Overreliance on geographic or population averages to quantify and measure social determinants of health (SDOH) can send healthcare organizations down a costly and inefficient path when it comes to designing interventions to improve outcomes and reduce costs. Because these averages tend to mask the discrete patient experiences, their use can result in programs that fail to fully address the barriers representing the greatest potential for improving health outcomes — and healthcare organizations’ returns on investment.
A better approach is to first understand the unique fingerprint of risk within a defined patient population. This knowledge enables identification of optimal intervention opportunities and estimation of those efforts that will produce the greatest return.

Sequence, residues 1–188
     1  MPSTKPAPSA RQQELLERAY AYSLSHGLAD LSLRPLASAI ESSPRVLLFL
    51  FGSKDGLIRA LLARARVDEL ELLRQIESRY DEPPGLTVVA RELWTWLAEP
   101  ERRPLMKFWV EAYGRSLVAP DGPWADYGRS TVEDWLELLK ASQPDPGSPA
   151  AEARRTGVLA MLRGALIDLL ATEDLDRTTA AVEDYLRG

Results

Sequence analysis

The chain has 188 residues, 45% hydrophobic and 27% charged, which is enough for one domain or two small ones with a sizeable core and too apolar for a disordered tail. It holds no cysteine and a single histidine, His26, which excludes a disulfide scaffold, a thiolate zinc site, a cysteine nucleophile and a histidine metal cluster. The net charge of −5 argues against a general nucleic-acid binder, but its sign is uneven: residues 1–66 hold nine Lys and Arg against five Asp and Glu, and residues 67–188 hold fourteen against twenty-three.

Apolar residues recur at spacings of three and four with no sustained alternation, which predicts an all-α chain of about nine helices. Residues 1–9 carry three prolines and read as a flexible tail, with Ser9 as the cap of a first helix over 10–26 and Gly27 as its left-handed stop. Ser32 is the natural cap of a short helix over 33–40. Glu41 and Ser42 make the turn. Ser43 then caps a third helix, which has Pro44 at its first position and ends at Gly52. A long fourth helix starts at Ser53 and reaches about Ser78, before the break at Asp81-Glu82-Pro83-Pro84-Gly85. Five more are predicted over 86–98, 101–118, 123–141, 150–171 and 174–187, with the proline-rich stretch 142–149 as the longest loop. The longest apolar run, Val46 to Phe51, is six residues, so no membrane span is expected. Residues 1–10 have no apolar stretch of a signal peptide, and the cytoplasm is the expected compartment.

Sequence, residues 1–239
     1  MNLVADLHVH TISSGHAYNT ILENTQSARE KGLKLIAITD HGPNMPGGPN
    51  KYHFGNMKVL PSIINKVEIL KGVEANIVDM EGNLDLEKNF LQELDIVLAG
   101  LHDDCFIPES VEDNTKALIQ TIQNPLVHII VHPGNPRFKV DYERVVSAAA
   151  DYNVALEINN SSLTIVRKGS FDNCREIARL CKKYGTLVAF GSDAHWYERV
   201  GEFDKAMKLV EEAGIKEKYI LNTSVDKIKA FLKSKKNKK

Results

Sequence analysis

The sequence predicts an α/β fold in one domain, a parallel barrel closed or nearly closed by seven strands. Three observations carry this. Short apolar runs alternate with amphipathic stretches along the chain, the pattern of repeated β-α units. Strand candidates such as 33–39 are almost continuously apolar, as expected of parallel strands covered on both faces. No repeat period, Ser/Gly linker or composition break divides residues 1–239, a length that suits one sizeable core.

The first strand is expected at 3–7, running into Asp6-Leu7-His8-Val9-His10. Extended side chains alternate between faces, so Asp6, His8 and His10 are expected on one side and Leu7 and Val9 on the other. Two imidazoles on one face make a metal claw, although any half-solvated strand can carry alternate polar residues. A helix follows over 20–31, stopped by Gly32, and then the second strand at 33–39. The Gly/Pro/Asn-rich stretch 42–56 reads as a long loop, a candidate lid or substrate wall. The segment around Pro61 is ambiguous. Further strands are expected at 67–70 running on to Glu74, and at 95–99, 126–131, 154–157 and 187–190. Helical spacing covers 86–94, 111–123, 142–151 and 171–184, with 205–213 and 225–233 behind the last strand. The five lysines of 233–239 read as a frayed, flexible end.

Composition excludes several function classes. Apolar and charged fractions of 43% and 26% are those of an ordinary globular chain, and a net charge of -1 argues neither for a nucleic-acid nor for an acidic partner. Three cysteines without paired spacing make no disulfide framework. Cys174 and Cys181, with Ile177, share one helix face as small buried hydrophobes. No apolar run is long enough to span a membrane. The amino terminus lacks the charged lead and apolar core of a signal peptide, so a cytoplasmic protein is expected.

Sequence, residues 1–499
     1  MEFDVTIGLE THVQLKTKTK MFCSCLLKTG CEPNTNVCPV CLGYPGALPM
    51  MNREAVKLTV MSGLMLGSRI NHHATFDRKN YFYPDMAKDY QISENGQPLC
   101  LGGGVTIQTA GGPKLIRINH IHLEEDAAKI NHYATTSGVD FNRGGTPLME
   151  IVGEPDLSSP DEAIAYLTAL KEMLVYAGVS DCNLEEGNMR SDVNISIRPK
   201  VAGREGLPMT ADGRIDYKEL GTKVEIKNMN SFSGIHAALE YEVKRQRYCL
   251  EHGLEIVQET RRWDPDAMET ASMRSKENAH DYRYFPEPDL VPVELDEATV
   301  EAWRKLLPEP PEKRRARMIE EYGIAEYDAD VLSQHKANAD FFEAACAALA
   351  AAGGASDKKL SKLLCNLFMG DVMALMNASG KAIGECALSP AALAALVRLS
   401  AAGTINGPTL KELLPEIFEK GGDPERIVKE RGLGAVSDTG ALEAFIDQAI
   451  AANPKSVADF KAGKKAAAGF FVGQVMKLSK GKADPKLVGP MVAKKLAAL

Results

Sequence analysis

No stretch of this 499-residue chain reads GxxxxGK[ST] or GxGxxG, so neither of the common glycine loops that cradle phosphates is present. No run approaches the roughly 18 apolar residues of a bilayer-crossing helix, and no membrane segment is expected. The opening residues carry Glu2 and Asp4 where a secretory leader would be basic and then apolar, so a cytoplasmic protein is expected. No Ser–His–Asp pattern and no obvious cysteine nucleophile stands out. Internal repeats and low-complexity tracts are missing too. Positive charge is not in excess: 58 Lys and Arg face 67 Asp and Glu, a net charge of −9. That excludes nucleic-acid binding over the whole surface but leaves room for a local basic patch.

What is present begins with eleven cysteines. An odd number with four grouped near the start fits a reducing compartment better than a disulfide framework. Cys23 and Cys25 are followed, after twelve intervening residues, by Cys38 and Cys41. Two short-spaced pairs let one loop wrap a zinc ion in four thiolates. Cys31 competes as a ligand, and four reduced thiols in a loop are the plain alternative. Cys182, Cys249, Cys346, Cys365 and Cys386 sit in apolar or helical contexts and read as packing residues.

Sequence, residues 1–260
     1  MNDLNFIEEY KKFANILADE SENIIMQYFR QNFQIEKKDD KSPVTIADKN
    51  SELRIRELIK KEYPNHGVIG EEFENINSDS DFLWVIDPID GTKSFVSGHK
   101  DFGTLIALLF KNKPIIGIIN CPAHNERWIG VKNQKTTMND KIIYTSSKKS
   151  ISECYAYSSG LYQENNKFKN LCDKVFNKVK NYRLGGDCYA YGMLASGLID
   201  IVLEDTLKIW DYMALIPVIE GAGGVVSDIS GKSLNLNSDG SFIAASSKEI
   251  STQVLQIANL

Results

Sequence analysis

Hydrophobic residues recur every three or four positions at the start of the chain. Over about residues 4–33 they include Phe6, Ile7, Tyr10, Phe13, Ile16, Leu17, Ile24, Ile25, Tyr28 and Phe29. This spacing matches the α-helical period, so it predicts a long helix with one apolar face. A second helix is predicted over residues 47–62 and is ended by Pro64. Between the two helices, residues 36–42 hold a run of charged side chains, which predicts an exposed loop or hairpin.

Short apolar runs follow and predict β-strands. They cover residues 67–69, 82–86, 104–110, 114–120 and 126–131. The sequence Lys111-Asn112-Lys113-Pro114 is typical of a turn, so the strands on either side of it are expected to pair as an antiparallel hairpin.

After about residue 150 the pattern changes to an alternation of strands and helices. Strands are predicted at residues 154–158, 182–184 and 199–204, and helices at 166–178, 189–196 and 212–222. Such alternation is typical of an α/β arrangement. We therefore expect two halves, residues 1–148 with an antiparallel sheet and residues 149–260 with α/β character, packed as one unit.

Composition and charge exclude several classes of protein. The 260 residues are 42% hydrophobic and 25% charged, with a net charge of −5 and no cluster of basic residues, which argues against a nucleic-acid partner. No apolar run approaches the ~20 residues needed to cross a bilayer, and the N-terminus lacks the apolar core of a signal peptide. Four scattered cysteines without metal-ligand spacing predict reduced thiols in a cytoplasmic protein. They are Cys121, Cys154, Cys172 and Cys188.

This is the approach that the Colorado Hospital Association took when it sought to identify strategies that would help its members reduce costs by addressing emergency department (ED) super-utilization and readmission rates. The resulting analysis identified a strong correlation between these areas and SDOH.